Old Dominion University's annual State of the Region Report, delivered Oct. 6 by economists from the Dragas Center for Economic Analysis & Policy, demonstrated dramatically the impact that the COVID-19 pandemic has had on the region's minority communities, particularly the African American community.
The annual report, which in great detail illustrated the generational impact of COVID-19, stressed that the pain of the pandemic is not being felt equally.
In metrics ranging from infection and mortality rates, to employment disruption, to educational impact, data show the pandemic has been an acute challenge for minority communities, the report found.
"If you look at the industries in this region most affected by COVID-19 - retail trade, tourism and hospitality - those are industries which employ a large percentage of African Americans," said Robert M. McNab, professor of economics in the Strome College of Business and director of the Dragas Center
Even the gradual economic recovery in the region has placed this population at greater risk, McNab said, because these jobs are not able to be done remotely, unlike many professional positions.
McNab noted the disproportionate impact that COVID-19 has had on the nation's African American population, including 20.8% of deaths from the disease, though African Americans comprise only 12.5% of the U.S. population.
U.S. residents of every race also saw a massive spike in unemployment rates at the peak of the pandemic in April. But African American unemployment rates have been the slowest to come down, still topping 11.5% in September.
In this region, there are not as many key economic indicators broken down by race. However, in September, more than 58% of unemployment insurance claims were filed by African Americans, who make up only 30.1% of the Hampton Roads population.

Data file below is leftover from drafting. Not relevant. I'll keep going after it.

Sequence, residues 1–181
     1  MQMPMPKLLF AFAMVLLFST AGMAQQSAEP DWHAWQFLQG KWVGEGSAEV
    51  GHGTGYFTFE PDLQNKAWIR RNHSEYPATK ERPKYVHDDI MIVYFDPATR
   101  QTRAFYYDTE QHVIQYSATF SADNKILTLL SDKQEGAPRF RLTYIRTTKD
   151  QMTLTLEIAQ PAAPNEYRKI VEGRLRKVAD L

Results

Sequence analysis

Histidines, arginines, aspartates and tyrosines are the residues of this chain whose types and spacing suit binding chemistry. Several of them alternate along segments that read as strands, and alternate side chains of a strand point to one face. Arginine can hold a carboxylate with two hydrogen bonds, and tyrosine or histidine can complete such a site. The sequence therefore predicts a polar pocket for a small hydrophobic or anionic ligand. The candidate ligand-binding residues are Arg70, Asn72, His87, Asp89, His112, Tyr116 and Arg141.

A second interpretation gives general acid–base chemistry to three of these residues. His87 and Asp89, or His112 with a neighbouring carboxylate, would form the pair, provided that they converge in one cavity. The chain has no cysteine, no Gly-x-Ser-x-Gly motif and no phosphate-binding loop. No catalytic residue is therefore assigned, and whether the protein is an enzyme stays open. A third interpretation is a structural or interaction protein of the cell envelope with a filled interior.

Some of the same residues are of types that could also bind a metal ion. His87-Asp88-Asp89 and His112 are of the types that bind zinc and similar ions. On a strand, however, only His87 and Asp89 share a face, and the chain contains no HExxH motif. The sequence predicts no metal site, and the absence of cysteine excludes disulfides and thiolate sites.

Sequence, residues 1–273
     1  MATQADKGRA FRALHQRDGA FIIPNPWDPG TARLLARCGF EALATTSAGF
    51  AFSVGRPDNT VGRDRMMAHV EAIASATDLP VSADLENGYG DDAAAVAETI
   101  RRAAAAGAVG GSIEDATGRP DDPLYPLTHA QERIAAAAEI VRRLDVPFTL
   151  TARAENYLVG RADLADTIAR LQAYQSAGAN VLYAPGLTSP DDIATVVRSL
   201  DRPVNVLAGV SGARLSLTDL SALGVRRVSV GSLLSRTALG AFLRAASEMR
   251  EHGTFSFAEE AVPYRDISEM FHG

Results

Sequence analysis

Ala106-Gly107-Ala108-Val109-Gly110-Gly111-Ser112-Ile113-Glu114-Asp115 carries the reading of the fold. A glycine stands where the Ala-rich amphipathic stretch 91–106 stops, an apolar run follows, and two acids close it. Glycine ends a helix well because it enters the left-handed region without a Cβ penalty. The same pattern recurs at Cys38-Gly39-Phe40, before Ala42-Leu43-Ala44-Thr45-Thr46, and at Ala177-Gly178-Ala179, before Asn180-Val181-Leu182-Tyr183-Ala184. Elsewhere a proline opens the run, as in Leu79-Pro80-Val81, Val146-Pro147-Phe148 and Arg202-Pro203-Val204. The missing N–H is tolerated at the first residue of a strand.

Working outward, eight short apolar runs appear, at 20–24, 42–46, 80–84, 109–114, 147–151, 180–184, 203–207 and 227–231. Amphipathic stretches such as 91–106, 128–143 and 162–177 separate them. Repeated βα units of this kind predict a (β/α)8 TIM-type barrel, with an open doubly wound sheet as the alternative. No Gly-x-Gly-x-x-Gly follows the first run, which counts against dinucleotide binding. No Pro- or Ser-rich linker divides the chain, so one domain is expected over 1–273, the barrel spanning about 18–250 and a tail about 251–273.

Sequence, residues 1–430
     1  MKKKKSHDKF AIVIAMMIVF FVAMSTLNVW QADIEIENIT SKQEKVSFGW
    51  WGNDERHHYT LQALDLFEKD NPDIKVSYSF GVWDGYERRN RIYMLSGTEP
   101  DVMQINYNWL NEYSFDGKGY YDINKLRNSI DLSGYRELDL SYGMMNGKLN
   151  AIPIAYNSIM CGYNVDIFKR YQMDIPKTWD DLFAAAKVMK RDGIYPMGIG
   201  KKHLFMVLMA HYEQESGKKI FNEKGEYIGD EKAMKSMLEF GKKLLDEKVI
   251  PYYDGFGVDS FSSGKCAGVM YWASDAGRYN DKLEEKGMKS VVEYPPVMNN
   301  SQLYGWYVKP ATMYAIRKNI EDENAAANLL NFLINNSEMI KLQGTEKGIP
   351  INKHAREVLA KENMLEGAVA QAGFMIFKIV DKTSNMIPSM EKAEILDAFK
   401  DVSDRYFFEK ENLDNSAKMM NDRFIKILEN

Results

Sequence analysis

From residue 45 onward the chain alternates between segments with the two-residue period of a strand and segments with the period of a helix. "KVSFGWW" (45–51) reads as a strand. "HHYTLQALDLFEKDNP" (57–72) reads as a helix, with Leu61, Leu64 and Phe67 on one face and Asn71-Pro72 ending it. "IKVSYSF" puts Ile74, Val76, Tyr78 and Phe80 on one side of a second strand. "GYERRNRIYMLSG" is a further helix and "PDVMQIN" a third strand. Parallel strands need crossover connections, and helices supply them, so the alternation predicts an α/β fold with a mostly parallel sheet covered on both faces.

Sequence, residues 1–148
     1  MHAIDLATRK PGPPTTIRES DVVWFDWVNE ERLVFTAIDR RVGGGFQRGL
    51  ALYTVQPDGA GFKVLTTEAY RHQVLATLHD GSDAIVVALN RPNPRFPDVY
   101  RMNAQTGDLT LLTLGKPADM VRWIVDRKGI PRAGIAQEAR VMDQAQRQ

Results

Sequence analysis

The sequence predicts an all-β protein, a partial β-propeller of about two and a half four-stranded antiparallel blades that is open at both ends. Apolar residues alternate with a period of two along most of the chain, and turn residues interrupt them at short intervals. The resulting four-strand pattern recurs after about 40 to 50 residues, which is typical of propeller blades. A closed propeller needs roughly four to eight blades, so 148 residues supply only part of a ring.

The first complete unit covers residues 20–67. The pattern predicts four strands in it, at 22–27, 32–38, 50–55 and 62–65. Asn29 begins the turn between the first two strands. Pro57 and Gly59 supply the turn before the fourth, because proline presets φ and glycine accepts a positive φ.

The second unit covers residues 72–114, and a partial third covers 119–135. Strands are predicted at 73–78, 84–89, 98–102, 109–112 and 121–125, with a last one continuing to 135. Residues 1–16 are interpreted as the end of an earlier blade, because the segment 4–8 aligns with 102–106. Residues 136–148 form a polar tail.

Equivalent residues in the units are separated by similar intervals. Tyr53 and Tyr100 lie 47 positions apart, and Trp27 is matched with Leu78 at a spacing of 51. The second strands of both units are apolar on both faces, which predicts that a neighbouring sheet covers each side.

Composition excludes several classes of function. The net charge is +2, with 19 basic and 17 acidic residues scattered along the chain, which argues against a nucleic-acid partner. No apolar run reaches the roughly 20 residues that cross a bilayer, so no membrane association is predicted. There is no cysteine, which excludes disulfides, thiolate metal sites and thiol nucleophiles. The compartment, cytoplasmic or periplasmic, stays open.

ODU, under the leadership of President John R. Broderick, created its Center for Social Mobility in 2018 to address challenges that low-income (primarily minority) students face because of structural inequalities in society.
"These trends exacerbate the racial income gap, perpetuate the cycle of poverty and leave well-paying jobs unfilled," Broderick wrote in a 2019 Richmond Times-Dispatch op-ed. "Continuing on this path is untenable. As population growth among people of color continues to outpace that of white Americans and baby boomers exit the workforce, policy leaders must work to increase underrepresented students with college degrees and close racial gaps."
Old Dominion, which for the past four years has admitted incoming freshman classes composed of more than 50% minority students, is ranked in the top 15% of the nation's colleges and universities in CollegeNET's Social Mobility Index.
This year's State of the Region report, which features more analysis of the impact of COVID-19, is available at the Dragas Center Website.